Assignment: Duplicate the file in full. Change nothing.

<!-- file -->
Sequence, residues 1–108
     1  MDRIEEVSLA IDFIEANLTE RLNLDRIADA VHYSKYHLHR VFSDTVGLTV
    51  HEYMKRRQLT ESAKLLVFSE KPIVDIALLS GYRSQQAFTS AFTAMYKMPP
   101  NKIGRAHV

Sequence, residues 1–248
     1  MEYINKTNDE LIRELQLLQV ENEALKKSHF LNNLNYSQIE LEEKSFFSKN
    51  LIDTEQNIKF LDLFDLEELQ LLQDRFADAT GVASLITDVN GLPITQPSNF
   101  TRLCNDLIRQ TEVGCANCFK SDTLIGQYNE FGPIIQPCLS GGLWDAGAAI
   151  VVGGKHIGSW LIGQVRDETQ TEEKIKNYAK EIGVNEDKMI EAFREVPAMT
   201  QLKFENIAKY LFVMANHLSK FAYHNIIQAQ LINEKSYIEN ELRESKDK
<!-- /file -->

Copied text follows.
Sequence, residues 1–108
     1  MDRIEEVSLA IDFIEANLTE RLNLDRIADA VHYSKYHLHR VFSDTVGLTV
    51  HEYMKRRQLT ESAKLLVFSE KPIVDIALLS GYRSQQAFTS AFTAMYKMPP
   101  NKIGRAHV

Sequence, residues 1–248
     1  MEYINKTNDE LIRELQLLQV ENEALKKSHF LNNLNYSQIE LEEKSFFSKN
    51  LIDTEQNIKF LDLFDLEELQ LLQDRFADAT GVASLITDVN GLPITQPSNF
   101  TRLCNDLIRQ TEVGCANCFK SDTLIGQYNE FGPIIQPCLS GGLWDAGAAI
   151  VVGGKHIGSW LIGQVRDETQ TEEKIKNYAK EIGVNEDKMI EAFREVPAMT
   201  QLKFENIAKY LFVMANHLSK FAYHNIIQAQ LINEKSYIEN ELRESKDK